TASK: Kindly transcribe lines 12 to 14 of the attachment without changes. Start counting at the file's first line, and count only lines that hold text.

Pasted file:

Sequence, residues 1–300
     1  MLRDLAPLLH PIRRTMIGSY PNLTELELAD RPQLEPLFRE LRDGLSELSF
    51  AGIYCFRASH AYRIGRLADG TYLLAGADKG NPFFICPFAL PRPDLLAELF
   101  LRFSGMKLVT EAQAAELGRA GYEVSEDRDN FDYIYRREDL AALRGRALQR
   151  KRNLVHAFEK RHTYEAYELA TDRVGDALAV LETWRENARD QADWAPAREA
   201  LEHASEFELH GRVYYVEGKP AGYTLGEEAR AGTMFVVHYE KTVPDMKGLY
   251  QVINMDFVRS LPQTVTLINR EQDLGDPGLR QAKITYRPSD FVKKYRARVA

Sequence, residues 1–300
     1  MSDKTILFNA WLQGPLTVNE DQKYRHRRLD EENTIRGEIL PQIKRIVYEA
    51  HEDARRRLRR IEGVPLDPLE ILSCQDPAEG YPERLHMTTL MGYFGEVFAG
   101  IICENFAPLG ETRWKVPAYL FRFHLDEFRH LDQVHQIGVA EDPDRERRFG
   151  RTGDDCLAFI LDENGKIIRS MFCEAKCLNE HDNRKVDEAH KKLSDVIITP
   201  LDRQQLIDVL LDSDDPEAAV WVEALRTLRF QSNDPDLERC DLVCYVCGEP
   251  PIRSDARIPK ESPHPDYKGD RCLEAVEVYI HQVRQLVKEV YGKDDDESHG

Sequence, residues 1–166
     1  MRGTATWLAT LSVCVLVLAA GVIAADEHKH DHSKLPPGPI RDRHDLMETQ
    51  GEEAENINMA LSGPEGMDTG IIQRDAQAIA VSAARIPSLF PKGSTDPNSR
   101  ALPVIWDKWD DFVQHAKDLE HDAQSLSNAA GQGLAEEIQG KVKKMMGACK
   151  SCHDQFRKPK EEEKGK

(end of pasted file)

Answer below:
   151  RTGDDCLAFI LDENGKIIRS MFCEAKCLNE HDNRKVDEAH KKLSDVIITP
   201  LDRQQLIDVL LDSDDPEAAV WVEALRTLRF QSNDPDLERC DLVCYVCGEP
   251  PIRSDARIPK ESPHPDYKGD RCLEAVEVYI HQVRQLVKEV YGKDDDESHG